Ya gotta admire a man who is never in doubt!  ::)
 

Just Lou

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Gary RV Roamer said:
Ya gotta admire a man who is never in doubt!  ::)

Prove me wrong..........  and you have my permission to officially rename this forum to "ASK GARY.COM".
 

Tom

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OK guys, time to quit trying to prove who's right and who's wrong, or who has more or less knowledge.
 

Tom

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I've been sent to my room by forum staff more times than I care to admit  :-[
 

hes4all

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Tom said:
OK guys, time to quit trying to prove who's right and who's wrong, or who has more or less knowledge.

Hi Tom, well I am man enough to admit that I have very little knowledge of anything, so that is why I went to AM Solar and had a TriStar-60 MPPT by Morningstar controller installed along with 900 watts of solar panels. This controller gives you more options than a person like me will ever used.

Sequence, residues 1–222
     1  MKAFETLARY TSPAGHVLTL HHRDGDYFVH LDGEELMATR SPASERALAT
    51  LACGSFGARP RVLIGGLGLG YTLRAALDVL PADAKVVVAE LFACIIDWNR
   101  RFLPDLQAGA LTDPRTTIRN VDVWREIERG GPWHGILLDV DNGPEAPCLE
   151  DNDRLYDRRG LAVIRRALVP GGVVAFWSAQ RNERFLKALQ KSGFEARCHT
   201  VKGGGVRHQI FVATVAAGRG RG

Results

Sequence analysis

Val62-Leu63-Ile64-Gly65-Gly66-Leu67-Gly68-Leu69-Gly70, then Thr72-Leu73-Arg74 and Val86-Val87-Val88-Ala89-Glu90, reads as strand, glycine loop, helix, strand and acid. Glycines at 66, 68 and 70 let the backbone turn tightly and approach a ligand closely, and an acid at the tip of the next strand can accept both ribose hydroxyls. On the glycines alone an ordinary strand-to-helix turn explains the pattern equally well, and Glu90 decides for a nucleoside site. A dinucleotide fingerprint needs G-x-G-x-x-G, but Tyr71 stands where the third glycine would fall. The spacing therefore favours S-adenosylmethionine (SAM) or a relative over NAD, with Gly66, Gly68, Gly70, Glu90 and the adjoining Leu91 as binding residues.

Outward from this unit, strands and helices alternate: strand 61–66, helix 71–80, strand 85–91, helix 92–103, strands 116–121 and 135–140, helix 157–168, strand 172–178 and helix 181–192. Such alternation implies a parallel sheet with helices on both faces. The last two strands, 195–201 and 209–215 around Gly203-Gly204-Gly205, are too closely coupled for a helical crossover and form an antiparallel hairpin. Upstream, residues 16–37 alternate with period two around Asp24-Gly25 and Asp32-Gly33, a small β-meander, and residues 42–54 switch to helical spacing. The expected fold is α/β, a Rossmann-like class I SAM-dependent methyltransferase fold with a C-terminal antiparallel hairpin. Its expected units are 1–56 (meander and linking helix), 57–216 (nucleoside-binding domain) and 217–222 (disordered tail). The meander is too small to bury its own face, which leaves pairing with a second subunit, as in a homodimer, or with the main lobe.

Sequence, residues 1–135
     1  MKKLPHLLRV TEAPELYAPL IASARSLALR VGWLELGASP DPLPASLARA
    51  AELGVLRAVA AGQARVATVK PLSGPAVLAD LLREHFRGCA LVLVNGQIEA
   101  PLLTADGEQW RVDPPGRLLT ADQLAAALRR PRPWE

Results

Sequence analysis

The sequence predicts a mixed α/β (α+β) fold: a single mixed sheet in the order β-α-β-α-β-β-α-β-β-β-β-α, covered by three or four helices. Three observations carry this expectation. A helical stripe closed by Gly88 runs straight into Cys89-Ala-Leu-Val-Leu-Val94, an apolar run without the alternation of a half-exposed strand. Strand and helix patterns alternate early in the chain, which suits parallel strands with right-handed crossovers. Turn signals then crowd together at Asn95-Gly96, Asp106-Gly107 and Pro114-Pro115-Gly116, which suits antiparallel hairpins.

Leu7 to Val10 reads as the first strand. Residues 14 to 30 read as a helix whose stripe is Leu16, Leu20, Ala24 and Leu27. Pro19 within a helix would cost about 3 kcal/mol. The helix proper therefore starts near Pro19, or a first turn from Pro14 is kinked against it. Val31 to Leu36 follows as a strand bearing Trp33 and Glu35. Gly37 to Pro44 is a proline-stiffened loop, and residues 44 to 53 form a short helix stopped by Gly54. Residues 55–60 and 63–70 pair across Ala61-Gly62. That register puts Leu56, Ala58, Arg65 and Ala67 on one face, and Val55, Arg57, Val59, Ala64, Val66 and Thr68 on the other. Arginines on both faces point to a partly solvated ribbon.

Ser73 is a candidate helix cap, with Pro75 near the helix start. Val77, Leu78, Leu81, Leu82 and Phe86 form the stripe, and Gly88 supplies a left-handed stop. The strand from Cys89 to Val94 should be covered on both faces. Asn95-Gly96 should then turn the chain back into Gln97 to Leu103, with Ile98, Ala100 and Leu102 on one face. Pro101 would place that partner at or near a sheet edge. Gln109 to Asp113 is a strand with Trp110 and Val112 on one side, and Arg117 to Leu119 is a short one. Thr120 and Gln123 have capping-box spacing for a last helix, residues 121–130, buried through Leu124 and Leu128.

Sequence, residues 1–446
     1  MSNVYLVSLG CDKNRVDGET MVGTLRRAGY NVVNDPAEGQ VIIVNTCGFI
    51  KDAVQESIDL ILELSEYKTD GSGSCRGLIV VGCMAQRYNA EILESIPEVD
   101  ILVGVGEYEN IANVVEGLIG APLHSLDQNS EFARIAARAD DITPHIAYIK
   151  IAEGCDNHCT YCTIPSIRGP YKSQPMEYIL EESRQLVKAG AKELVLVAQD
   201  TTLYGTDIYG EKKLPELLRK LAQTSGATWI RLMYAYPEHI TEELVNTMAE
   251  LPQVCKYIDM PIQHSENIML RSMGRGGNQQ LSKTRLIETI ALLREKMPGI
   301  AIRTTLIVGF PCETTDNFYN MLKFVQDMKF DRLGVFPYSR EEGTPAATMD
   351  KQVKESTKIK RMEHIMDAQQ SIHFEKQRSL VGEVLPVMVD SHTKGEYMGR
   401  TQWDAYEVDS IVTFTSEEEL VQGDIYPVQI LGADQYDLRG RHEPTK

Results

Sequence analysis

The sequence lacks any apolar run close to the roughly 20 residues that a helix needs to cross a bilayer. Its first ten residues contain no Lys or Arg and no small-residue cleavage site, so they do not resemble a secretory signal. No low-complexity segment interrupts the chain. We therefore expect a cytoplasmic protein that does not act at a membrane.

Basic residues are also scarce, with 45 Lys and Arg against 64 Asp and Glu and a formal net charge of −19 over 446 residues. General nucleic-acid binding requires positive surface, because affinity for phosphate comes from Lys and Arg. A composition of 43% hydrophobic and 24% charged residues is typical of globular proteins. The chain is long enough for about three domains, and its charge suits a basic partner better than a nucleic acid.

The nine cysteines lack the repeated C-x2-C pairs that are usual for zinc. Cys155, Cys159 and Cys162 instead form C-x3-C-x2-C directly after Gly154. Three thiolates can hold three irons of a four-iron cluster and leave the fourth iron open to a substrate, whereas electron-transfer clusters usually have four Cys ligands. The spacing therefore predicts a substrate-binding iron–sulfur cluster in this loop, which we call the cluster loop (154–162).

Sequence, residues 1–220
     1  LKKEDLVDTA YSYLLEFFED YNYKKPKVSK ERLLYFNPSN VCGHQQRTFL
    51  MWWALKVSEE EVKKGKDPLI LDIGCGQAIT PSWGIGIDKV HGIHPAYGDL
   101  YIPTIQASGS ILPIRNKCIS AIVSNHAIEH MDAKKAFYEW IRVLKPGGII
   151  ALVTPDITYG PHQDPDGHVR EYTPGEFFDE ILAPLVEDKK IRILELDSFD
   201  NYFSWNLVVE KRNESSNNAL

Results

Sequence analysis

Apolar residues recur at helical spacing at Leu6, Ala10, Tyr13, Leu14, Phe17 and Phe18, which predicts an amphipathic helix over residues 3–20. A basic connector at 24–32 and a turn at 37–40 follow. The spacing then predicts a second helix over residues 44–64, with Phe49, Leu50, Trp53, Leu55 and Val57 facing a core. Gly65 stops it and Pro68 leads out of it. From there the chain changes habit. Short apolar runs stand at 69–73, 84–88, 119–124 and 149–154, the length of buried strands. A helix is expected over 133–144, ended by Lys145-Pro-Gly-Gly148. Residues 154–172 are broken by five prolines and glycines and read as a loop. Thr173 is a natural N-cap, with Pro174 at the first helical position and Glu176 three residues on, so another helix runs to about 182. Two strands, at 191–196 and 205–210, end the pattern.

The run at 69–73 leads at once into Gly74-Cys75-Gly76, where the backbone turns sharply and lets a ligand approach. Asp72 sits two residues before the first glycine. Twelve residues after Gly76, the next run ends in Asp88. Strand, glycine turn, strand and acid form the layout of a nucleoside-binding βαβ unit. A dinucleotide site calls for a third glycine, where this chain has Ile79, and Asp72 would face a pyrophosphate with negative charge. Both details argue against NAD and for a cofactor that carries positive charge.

To be honest, the system is awesome. With the shunt installed I can see amps used, amps available, charge rates and alot more. Was it all worth the cost? I can't say forsure yet, but I was just at the races in Vegas and I never ran the generator, in the past it would run at least two hours each day. Pretty awesome I would say. Thanks


This is what the Tri Star meter gives you.
~ Battery Voltage
~ Solar Input Voltage
~ Charging Current
~ Battery Sense Voltage
~ Battery Temperature
~ Battery Min/Max Voltage
~ Daily Charge in Watt Hours
~ Heatsink Temperature
 

Jammer

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bukzin said:
How tricky might it be to install one of these meters as an add-on?

I understand sometimes (maybe all the time) a shunt must also be added to get accurate readings?
Is that correct?


I would like to boondock a lot more in our 2006 Monaco Diplomat, also will be adding solar.

Thanks!

In addition to the Trimetric there is also a stand-alone meter from Xantrex, and a product called the Clipper BM-1.  I like the design of the xantrex, but have heard reports that all of them work.

In general a shunt is required when adding one of these.  It's not a trivial job, but it's not difficult for someone with experience with battery wiring.